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I am the decision-maker at my company.  My company bids on projects.  The bids are evaluated by clients that not only ask me "what happens if you die tomorrow" but why they should select the technology I propose.  In order to ensure I had an answer to the second question, I asked Lua itself why I should invest in developing solutions based on Lua.  Yeah, it does seem to come down to "what if Roberto gets killed tomorrow?"  Assuming developers will step in when there is no official structure now flies in the face of decades of failure of software projects after the central leader leaves.

There are vast differences between people that have been employees all their life and people who have
>run their own businesses. Employees get paid no matter what and are basically disposable.

And that is exactly why projects fail when the employee "leader" leaves.

But that is not the scenario you are describing. The community is not the team of employees around the employee leader. The community is many people, worldwide that use the language on a disparate array of platforms, some proprietary, others Unix/Linux based and others Windows based. Some of which are used by some of the largest household gaming and technology names in the business.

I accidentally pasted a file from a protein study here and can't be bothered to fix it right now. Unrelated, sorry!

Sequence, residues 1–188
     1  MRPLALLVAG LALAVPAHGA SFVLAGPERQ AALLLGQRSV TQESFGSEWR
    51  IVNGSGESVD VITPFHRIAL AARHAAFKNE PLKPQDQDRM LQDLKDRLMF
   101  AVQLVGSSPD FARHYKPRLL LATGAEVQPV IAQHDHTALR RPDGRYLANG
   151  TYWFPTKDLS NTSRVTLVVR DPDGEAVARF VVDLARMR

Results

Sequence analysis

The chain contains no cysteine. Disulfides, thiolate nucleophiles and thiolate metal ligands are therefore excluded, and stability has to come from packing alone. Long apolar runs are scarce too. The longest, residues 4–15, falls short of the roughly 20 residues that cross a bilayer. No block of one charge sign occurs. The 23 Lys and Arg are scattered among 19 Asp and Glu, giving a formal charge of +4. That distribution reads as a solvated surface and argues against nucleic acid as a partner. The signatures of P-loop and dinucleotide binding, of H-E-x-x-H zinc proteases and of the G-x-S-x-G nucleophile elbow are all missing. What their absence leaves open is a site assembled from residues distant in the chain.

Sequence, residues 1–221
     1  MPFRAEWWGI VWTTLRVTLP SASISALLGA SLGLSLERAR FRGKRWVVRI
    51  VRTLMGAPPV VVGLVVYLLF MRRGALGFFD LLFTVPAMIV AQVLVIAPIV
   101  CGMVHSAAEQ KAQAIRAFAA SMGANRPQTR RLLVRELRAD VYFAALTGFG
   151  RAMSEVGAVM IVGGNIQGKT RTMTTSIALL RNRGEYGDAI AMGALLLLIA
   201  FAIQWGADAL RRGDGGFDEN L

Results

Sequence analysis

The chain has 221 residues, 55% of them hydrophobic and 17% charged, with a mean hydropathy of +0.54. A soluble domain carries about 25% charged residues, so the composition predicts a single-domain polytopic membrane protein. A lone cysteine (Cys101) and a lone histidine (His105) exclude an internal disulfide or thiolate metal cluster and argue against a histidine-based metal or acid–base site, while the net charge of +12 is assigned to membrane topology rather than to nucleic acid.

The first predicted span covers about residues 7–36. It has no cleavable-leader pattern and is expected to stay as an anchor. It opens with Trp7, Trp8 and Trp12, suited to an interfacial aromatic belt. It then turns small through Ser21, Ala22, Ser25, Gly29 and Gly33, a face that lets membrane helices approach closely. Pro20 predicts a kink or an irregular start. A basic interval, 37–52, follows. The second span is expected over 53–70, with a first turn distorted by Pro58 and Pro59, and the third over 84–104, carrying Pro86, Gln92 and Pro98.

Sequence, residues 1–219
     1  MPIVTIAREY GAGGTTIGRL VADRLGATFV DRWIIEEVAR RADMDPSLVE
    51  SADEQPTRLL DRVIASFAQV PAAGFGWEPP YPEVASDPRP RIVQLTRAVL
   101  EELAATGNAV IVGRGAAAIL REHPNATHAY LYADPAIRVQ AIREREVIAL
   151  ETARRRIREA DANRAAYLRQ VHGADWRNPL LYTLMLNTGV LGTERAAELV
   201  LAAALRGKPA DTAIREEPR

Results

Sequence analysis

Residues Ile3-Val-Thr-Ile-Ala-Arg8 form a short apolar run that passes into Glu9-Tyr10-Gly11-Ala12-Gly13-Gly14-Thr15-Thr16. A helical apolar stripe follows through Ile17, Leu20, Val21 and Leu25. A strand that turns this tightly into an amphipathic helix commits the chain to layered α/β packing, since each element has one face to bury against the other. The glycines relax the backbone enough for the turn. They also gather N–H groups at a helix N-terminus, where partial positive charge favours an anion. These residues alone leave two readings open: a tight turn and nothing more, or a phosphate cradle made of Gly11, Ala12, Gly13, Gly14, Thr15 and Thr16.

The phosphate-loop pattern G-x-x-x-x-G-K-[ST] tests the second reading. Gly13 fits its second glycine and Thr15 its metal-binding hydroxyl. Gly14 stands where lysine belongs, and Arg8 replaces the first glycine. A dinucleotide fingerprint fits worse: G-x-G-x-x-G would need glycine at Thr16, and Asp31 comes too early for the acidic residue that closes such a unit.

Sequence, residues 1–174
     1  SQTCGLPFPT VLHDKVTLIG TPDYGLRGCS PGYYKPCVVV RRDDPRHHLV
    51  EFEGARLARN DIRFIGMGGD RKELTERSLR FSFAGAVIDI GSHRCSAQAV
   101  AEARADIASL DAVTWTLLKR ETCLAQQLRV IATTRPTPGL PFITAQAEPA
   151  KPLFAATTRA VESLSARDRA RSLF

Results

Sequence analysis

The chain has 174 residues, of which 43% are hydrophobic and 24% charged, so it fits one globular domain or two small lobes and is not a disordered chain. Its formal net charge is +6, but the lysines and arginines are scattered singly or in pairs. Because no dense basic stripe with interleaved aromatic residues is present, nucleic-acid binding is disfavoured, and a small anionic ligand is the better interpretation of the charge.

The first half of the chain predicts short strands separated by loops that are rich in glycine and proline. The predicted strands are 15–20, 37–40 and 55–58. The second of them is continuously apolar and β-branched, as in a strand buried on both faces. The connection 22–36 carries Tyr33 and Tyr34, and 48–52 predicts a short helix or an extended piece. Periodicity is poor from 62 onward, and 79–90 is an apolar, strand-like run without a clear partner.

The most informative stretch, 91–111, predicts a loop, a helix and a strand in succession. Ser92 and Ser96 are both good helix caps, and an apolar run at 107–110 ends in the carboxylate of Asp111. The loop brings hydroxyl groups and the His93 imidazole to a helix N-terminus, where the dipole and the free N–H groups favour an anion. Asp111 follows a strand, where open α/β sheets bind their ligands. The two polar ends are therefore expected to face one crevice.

The leader in the Lua scenario is effectively the Queen bee, setting the direction etc, but absolutely replacable in the event of the Queen bee's demise.

I've gotten a lot of responses from people that have been employees all their lives.

You don't know that. That is an assumption.

You want evidence of commitment: We ported our Software Engineering tools to support Lua. So clearly we think Lua is here to stay.